There are folks who think Islamorada is not just a place: it’s a state of mind. They may be right. All the Florida Keys posses their own unique island beauty, yet Islamorada has something special. It gets under your skin. People become Islamorada-fanatics, returning year after year. Or even moving there.
(An Islamorada idyll. Photo by Pietro Valocchi, Flickr.)
Islamorada isn’t a single isle, but instead a village of islands in the Upper Keys. Their names sound vintage: Tea Table Key, Lower Matecumbe Key, Upper Matecumbe, Windley Key, and Plantation Key. Guidebooks will tell you the Spanish named these “Islas moradas” or purple islands, but a Keys historian I know discovered that in fact one of the founders intended the name to mean “home island” or “island home.” Which feels right, because no matter where you come from, these islands quickly feel like a refuge from all the world’s cares.
(Sitting on a dock by the bay. Photo by Island Runaways.)
Pronounce it “I-la-mor-AH-dah” and you’ll sound like a local. It’s known as the sportfishing capital of the world, with “backcountry” fishing on Florida Bay and on the other side of the islands, the Atlantic Ocean. To say there are a lot of top-notch fishing guides based here is like saying there are several stars in the sky. Sailfish, marlin, bonefish, and wahoo are just a few of the specimens that lure anglers to these parts. Inside the mammoth World Wide Sportsman store is enough gear to outfit a decent-sized village, along with a mesmerizing aquarium and the sister ship to Hemingway's beloved boat, Pilar.
(The massive World Wide Sportsman store. Photo by Island Runaways.)
But even if you never pick up a rod, you’ll still find plenty to do. For better or worse, I’ve never fished here myself, but I am nevertheless a committed fan to these tropical Florida islands. If you’d prefer to look at fish rather than catch them, snorkeling and scuba diving opportunities abound on the Florida Reef. Sailing, kayaking, paddleboarding and other watersports can be found at almost every turn. The beaches here are sometimes on the smallish side, since the Keys are formed from ancient coral reef. But that doesn’t bother me personally, and if you give Islamorada a chance, it probably won’t bother you.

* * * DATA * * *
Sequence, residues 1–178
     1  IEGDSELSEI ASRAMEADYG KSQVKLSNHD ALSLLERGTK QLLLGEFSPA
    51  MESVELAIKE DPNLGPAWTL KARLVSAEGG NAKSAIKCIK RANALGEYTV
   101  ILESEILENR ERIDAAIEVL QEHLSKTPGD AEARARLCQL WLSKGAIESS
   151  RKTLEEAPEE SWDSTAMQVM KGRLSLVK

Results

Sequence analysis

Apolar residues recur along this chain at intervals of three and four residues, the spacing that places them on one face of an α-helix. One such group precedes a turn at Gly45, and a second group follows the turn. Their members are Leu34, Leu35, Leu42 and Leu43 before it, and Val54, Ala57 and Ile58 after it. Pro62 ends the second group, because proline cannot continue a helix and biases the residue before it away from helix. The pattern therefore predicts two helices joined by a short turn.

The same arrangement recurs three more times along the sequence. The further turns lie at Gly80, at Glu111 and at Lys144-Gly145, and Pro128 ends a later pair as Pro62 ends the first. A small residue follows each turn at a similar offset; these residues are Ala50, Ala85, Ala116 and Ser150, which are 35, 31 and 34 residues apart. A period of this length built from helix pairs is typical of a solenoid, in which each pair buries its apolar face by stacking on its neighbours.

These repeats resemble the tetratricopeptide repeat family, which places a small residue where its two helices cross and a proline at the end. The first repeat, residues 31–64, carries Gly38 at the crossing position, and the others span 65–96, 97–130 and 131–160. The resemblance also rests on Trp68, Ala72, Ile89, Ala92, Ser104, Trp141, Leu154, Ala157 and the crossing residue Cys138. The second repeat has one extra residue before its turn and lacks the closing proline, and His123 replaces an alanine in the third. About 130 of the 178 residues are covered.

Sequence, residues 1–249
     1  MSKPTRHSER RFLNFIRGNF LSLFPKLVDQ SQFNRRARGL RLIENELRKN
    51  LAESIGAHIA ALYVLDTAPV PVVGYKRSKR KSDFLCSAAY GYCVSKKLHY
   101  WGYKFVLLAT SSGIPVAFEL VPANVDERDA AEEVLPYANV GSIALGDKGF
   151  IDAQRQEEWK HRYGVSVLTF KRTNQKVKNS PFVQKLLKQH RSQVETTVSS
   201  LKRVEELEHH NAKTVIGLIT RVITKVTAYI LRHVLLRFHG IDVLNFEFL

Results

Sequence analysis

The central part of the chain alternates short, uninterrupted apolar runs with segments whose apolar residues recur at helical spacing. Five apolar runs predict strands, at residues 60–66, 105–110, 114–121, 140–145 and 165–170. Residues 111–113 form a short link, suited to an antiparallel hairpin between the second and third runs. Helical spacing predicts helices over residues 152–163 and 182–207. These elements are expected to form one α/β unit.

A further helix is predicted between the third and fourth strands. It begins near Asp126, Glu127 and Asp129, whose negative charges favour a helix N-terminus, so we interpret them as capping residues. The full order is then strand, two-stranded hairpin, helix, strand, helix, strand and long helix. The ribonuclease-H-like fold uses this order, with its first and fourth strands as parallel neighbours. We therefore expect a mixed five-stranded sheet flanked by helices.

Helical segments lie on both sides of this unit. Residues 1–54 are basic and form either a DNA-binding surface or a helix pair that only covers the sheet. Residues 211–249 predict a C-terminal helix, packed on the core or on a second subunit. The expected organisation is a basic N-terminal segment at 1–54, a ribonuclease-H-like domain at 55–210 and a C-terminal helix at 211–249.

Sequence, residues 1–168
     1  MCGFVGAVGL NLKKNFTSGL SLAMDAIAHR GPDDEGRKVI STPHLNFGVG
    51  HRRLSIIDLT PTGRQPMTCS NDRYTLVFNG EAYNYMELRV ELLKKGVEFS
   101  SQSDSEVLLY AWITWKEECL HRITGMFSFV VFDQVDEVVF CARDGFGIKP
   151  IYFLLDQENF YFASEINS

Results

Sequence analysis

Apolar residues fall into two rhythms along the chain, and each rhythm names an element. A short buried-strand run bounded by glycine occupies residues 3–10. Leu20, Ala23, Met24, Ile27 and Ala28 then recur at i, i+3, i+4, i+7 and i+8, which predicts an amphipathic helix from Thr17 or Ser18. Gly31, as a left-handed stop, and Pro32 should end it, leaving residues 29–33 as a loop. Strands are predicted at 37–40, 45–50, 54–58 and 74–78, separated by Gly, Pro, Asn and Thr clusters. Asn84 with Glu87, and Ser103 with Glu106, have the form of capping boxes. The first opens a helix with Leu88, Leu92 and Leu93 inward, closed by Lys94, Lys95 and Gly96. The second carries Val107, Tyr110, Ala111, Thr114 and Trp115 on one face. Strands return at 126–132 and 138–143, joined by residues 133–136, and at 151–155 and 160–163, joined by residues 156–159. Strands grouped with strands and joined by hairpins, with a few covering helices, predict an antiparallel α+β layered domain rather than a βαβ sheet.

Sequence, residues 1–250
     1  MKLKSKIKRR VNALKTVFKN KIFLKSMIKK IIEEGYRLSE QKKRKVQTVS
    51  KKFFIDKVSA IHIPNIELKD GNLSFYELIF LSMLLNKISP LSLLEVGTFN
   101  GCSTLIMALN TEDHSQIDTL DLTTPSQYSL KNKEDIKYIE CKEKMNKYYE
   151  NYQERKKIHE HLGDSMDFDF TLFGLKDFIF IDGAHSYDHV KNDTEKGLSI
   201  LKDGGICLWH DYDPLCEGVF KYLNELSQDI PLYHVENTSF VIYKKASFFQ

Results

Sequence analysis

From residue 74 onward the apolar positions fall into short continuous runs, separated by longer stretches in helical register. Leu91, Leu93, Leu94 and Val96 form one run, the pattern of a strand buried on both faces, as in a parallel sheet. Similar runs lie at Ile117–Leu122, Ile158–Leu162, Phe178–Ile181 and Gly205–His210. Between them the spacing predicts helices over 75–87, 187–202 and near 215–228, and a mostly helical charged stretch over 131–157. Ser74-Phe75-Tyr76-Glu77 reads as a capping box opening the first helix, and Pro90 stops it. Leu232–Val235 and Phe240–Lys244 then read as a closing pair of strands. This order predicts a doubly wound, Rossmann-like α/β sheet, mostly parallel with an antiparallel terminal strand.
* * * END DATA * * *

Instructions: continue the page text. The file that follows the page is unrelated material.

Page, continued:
(Bothered by a small beach? Nah. Photo by Ricymar Photography, Flickr.)
Do you love classic roadside attractions? You’re in luck here, with places like Theater of the Sea and Robbie’s Marina, where you can feed truly giant tarpon and shop for souvenirs. Or take a tour of mysterious Indian Key, a tiny island with a fascinating history. Or Lignumvitae Key with the 1919 Matheson House. Speaking of history, you’ll want to drop by the Florida Keys History & Discovery Center for a look at their exhibitions, like Legends of the Line. Art lovers can explore the galleries of the Morada Way Arts District, which holds an evening Art Walk the third Thursday of every month.
(At the Florida Keys History & Discovery Center. Photo by Island Runaways.)
There is plenty to do in Islamorada, yes, but if you truly want to experience the place you must allow some time to do nothing at all. Grab a chair by the sea, sit back, and let your gaze rest on the horizon line where the sea and sky meet. Watch a pelican soar by. Listen to the mellow surf.
(Unparalleled sunsets. Photo by Ricymar Photography, Flickr.)
Around dusk, be sure to be near the water to watch the sunset. Sometimes we stop at a bar or restaurant like Lorelei and order a margarita and a Corona to toast the colors as they illuminate the fading sky. As you settle in for the heavenly light show, you may wonder: why would I want to be anywhere else? Or: Have I ever been this relaxed? These islands don’t try to be anything but themselves, and the people who live here seem to think they’ve cornered the market on paradise.
They may just be right.